My only claim to understanding or appreciating an Apple product is my iPod Nano, which my buddy had gifted me 6 years ago. A 4 GB nano, I didn't know actually how to even switch it off when I first laid my hands on it. Since 2005, it has been one of my favourite companions, accompanying me in my life's journey. The voice clarity on the iPod was one of the best I've ever heard in my life - even the Nakamichi headphones that were kept for sampling CDs at Musicworld (where I started by professional career a decade ago) weren't as great in terms of audio quality and clarity as the original apple (white-colored) ear phones. Over the years, I have added so many other devices to my kitty for listening music but none like the iPod nano. So, when it stopped working abruptly, I was worried. I logged online and tried some trouble-shooting methods although none of them came in handy. And finally I heeded the advice of one such post - which was to visit the nearest Apple store! Which I did. Only to be disappointed by the approach of the staff out there! The discussion ended in less than two minutes - yes, just two minutes. The staff heard my problem, connected it in his Mac and came back to me and said that it was working perfectly well. And he glanced as though I should just move on with my old monumental piece for a new swanky one... Well, he didn't say it out loud, but I could make it.
I walked off in disgust but came back to the store again, this time to propose an alternative - switch off and switch on in "Disk utility mode" which he attempted. And said that the scroller wasn't working and the only alternative would be to replace it which would cost about a hundred dollars! And again, he was referring indirectly that I give up! He also suggested to erase all the data, format the device and then I try at home, which wasn't the best route possible. But I agreed since I had all the music backed-up so I would be fine as long as the device was working well again. When I tried connecting the iPod later on my laptop, it wasn't working either. So, his "customer service" methods were just by trial and error. Try this. Oh, if that doesn't work, then try that. And so on. A day later, I installed some Microsoft updates on my system and... pronto... the iPod was working!! Strange as it may sound, the issue was not with the device at all - just that some new updates were required for it to work. And all this from a so called "Apple Support Team member". Ufff. Thank God, Steve is no more to see all this, I mumbled.
(Suggested Reading: Retail Staffing)
So, why this kind of an approach to "Customer Service"? I ain't an Apple basher nor am I a die-hard fan. I love electronic devices as they make our life easy. And they make it simpler to use them for the purposes they were intended and invented for. Unlike many other electronic products / brands, Apple doesn't have a designated service center. The Retail store also doubles up as a service center where users can bring their devices for any kind of trouble-shooting, including migration from MS to Mac.While the technically-abled are behind the scenes fiddling with the devices, the young boys ( and girls) who attend to customers are not as strong in their technical skills as are expected to be. I see this issue is common across various other retail formats too.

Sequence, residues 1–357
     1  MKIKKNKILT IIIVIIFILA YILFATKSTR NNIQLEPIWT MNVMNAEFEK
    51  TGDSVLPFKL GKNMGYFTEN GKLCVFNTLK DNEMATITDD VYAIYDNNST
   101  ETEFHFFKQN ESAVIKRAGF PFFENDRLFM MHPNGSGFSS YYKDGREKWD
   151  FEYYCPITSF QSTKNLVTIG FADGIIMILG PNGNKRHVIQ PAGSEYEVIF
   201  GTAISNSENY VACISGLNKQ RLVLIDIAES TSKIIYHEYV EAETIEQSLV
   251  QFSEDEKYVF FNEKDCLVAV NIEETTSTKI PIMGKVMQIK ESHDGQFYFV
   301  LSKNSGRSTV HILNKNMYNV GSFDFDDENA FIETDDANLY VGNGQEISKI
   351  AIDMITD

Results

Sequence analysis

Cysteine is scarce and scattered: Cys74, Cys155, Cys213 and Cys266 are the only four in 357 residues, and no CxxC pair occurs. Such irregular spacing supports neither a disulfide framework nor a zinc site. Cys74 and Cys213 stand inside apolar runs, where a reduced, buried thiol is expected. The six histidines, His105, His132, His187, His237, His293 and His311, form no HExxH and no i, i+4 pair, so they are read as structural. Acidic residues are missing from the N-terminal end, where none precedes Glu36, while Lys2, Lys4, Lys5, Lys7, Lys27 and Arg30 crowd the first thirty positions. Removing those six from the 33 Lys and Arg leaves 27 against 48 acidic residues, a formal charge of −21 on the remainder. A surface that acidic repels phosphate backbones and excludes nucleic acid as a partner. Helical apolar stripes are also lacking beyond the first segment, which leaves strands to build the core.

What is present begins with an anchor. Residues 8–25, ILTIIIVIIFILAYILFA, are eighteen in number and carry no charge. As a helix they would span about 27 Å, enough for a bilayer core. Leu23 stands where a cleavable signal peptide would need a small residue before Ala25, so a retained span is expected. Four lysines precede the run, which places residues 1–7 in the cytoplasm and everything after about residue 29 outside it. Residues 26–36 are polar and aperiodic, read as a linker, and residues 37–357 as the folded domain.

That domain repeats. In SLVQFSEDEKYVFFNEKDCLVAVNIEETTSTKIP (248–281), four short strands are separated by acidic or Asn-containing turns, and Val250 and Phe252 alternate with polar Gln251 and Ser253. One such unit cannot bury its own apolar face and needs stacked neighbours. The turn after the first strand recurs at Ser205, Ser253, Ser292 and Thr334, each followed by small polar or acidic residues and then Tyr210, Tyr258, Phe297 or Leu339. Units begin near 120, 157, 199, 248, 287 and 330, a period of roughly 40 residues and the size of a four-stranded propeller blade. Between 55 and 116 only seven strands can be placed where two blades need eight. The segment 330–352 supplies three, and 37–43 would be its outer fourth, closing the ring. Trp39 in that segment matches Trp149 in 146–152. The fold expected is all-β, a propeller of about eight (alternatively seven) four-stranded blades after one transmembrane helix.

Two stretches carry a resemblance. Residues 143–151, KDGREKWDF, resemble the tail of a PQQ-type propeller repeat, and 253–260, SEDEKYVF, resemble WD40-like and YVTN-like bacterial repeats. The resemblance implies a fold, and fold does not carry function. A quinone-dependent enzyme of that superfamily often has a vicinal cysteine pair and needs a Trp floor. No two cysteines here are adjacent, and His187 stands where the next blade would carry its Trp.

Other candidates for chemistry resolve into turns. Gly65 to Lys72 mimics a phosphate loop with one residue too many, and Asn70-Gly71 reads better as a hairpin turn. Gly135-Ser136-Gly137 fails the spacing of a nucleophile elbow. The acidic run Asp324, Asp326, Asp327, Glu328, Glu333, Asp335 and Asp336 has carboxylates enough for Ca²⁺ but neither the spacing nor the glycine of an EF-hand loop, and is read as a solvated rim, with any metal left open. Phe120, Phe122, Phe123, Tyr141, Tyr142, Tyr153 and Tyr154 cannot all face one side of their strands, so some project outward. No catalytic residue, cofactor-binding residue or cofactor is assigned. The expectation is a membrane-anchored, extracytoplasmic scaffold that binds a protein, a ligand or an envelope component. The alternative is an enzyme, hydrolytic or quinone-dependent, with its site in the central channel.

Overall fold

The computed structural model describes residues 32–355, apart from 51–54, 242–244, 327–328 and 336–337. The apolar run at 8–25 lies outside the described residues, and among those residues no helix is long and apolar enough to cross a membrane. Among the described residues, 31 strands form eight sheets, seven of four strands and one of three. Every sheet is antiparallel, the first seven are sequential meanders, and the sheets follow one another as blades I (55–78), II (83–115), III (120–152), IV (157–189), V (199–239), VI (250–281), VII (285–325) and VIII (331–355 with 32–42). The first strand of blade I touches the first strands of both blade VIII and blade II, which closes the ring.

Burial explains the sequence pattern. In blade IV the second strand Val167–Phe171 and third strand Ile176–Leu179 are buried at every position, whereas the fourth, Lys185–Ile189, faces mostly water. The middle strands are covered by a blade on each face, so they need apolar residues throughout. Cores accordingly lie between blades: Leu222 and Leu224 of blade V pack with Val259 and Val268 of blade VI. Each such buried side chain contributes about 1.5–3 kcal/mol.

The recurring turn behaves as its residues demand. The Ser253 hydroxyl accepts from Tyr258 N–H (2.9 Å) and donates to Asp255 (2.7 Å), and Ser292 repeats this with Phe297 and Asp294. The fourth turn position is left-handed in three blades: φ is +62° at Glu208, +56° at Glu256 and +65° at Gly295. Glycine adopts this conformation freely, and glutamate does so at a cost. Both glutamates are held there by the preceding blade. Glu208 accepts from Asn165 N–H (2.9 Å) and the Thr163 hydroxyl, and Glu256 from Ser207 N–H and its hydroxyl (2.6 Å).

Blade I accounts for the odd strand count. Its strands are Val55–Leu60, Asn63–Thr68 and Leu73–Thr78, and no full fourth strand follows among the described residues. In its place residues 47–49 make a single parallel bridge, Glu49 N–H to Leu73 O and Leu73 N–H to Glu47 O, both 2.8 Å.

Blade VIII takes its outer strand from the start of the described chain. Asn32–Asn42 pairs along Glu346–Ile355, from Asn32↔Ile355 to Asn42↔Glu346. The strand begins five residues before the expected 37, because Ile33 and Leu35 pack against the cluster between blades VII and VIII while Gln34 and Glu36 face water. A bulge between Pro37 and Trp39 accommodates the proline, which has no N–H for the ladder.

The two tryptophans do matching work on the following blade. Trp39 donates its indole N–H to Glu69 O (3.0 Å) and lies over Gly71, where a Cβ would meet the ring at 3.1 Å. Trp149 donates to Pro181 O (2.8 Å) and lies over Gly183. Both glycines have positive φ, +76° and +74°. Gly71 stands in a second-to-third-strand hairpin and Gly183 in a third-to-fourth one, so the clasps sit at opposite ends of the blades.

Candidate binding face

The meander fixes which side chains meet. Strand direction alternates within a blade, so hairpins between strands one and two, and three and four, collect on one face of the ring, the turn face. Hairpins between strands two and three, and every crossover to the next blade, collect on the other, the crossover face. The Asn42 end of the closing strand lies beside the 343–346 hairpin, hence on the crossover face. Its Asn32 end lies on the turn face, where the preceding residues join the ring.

|Apple Imagine Store, UB City, Bangalore|
While I agree that the staff attitude and behavior in this case may not be intended to be the way it was, it does send wrong signals to present and potential customers. And this was the second time with me. In an earlier instance, when we had walked into the same store, the staff failed to provide us a proper demo of the iPhone 4, which led us to change our mind to another store and eventually, Samsung (Galaxy S4) benefited, I would say! The staff were already profiling their customers (mentally) even before knowing the intended reason for their visit. Too bad. This is common across many other premium and luxury brands. For example, If a customer asks for the price of a product at an upmarket watch retail store, then the staff begin to think that he/she is merely there to appreciate the product and not necessarily buy them. At a premium apparel store in Bangalore which houses many brands such as Versace, Armani, Boss and so on, the sales manager doesn't walk up and greet customers whom she thinks may have come window-shopping. The higher the value of the product, the lower is the importance given to visitors and potential customers.
(Suggested Reading: Luxury Retailing in India)
Retail Staff, who start their careers in the front-end at the beginning of their careers slowly make headway to higher roles and positions and during the course of this journey, forget the basics, at times. Retail Training Managers and the Business Management also fail to train their staff to keep them competent all the time. Unfortunately, Customer Service has become, as I mentioned earlier, by Trial and Error many times! And all this in the country which chants "Athithi Devo Bhava", a sanskrit slogan which means to say guests should be treated like god. Pity the Guests. Amen!
(Suggested Reading: Customer Service)